I married Arthur when I was eighteen, and by the time I was twenty-nine we had four kids. I remember reading an article by an art critic some years ago in which he addressed a woman painter. He said her work was very promising; she told him she was soon to be married; he said, "Don't breed", and when she took exception to that he said, "See you and your work in fifteen years." That's something women are stuck with, the biological role. In these days it's considered possible for a female to have both a family and a career (at the cost of exhaustion!). However in the fifties and sixties a life outside her family was not an option for most mothers. A social expectation, but a pressure nonetheless.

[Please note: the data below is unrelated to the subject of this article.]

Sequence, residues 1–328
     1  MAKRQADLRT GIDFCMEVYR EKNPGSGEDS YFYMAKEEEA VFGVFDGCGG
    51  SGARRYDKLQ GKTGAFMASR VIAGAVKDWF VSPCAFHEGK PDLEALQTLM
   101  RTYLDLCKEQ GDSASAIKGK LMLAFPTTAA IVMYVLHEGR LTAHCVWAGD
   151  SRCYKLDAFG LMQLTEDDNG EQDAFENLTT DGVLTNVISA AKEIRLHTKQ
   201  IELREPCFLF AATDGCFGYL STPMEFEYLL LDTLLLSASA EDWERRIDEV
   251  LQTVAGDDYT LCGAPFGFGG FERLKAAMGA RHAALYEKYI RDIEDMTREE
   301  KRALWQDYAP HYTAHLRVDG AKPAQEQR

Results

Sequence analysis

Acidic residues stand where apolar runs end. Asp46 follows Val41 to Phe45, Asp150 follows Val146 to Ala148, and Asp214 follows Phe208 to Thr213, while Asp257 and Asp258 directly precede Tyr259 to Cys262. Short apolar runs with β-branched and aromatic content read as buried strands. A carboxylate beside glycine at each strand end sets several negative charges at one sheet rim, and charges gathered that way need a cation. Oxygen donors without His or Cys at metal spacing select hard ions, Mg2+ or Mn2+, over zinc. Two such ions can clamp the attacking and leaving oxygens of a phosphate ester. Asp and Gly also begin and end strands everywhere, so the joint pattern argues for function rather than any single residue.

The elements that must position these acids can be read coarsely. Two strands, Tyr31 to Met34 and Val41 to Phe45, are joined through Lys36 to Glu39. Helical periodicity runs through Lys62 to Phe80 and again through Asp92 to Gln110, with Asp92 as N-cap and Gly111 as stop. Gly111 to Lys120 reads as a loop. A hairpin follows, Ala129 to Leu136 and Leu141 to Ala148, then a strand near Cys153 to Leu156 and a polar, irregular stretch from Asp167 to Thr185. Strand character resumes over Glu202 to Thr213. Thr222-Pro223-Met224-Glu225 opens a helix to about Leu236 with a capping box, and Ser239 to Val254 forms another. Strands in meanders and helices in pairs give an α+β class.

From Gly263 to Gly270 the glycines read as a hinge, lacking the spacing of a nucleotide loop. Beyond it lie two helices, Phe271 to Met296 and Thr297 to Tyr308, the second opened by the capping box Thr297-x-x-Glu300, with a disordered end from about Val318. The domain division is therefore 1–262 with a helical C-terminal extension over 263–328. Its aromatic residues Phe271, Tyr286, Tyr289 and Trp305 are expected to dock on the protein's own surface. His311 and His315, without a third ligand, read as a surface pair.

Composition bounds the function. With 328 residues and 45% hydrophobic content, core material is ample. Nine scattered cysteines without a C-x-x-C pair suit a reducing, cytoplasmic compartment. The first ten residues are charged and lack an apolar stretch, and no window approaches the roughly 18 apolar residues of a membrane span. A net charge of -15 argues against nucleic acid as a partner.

In my biog with The Wild Rose Press I say "I took thirty years off writing to raise my family". Of course it wasn't that simple. I scribbled intermittently but kids and hubby and house had to come first, and I'm not the efficient sort of person who can slot in time for herself on a regular basis. I had to develop some common sense for a start - I went from being a voracious reader and a day-dreamer to the completely unfamiliar roles of wife, mother and housekeeper. But that was what was expected of women then, and anything else was 'selfish'. My husband, bless him, didn't criticise, but he worked hard and needed support. So during those years I not only filled the domestic roles but unofficial ones as his unpaid secretary in business and nurse during his illnesses. (He'll hate me mentioning that, he's of the generation that considers male illness a weakness.)